Edited by terraloon

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From memory, he actually started off quite well in his first few games for Chelsea. 

I'd ultimately be hard-pressed to find someone who squandered his talent quite so utterly. With a little more discipline and focus he could possibly have made it here, but he instead had to settle for being a star at second-tier clubs like Parma and Fiorentina. 

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It'd be pretty bad of a multibillion dollar company in Chelsea to bankrupt a guy for a few million, and taking his assets. It would attract negative PR for the club and would be paraded by the media as a case of a wealthy corporation suing a man to poverty. I understand its not about the money and more about the principle, but ultimately, club should just move on from this. Other sports clubs have handled drug users/addicts in different ways by helping them get treatment, rehabilitation, providing care and doctors; instead he was fired. 

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On 03/10/2018 at 17:29, Theafonis said:

It'd be pretty bad of a multibillion dollar company in Chelsea to bankrupt a guy for a few million, and taking his assets. It would attract negative PR for the club and would be paraded by the media as a case of a wealthy corporation suing a man to poverty. I understand its not about the money and more about the principle, but ultimately, club should just move on from this. Other sports clubs have handled drug users/addicts in different ways by helping them get treatment, rehabilitation, providing care and doctors; instead he was fired. 

That's a bit unfair. Perspective changes over time. At the time that the Mutu thing broke there were a few growing cases in the news of cocaine drug abuse cases. Generally younger players were getting bans over it finishing potential careers and the bigger pros were swept under the rug. A lad from Millwall and one from Leyton Orient springs to mind. The attitude at the time was the short sharp shock approach. Somebody was going to cop it big. Some of us might actually like the fact that the club stood on its morals and made a stand. Personally i prefer this type of approach than this ridiculous mamby pamby, mollycoddled, everyone's a fking victim society we now live in.

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3 hours ago, WhiteWall said:

That's a bit unfair. Perspective changes over time. At the time that the Mutu thing broke there were a few growing cases in the news of cocaine drug abuse cases. Generally younger players were getting bans over it finishing potential careers and the bigger pros were swept under the rug. A lad from Millwall and one from Leyton Orient springs to mind. The attitude at the time was the short sharp shock approach. Somebody was going to cop it big. Some of us might actually like the fact that the club stood on its morals and made a stand. Personally i prefer this type of approach than this ridiculous mamby pamby, mollycoddled, everyone's a fking victim society we now live in.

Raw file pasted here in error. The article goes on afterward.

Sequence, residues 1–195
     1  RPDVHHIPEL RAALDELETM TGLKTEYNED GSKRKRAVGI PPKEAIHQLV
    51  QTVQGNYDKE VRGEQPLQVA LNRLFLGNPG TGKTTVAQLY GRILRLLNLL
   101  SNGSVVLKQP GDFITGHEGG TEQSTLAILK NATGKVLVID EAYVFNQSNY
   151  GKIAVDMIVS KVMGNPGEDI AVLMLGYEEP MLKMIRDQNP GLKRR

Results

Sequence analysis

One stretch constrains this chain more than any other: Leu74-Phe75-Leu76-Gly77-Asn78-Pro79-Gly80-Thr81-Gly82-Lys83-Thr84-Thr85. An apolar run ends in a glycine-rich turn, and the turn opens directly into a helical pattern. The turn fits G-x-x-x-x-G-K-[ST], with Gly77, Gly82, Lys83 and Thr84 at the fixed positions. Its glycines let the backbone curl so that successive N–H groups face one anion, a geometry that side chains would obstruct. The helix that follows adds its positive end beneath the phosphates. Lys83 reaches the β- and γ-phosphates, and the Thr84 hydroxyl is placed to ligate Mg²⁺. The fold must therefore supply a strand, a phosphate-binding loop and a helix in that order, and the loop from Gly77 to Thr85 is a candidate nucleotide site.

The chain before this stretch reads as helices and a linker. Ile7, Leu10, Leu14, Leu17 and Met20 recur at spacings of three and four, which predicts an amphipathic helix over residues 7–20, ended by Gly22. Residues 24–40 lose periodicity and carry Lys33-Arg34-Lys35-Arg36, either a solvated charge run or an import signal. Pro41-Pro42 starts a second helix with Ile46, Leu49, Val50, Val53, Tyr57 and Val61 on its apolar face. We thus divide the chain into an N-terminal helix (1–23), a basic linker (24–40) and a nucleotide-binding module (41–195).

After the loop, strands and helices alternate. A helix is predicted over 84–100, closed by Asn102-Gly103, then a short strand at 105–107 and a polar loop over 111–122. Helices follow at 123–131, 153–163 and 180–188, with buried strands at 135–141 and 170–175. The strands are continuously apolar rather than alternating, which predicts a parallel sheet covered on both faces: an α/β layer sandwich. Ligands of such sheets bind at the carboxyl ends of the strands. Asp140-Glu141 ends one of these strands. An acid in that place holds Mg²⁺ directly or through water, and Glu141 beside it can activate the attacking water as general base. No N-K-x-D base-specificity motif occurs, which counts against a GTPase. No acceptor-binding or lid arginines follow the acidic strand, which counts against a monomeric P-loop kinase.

Totally agree, every sportsman/woman knows how important it is for their sport to keep clean be it performance enhancing or recreational drugs. They are a no no. Mutu got caught, he was disciplined as per club policy, the right message was sent. In asking for monies back it should be remembered that we paid Mutu a nice signing on fee plus will have paid agents fees too for both signing on and sacking him on top of the transfer fee. We went trough the proper channels to obtain payments owed. Meanwhile Juventus sign a player for free that we technically still hold registration for and also manage to pocket 8 million in transfer fees. Mutu has continued to earn a living from the game but still didn't learn his lesson, being banned for drug taking whilst in Italy. We will have to agree a settlement eventually but lets not forget he brought all this on himself, no one forced him to take the stuff in the first place.

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On 03/10/2018 at 17:29, Theafonis said:

It'd be pretty bad of a multibillion dollar company in Chelsea to bankrupt a guy for a few million, and taking his assets. It would attract negative PR for the club and would be paraded by the media as a case of a wealthy corporation suing a man to poverty. I understand its not about the money and more about the principle, but ultimately, club should just move on from this. Other sports clubs have handled drug users/addicts in different ways by helping them get treatment, rehabilitation, providing care and doctors; instead he was fired. 

chelsea offered him treatment many times if he admitted the problem, they even offered him a way out after his samples came back positive but he continually lied about everything. They had very little choice other than to do what they did as Mutu would not admit to the drug taking. He then has been allowed to move to another club on a free so Chelsea sued him for loss of value, which they were well within their rights to do. Frankly he took drugs, was offered help several times, lied the whole way through and too no responsibility and therefore should be held accountable and have to live with the consequences. to sum up, f**k him.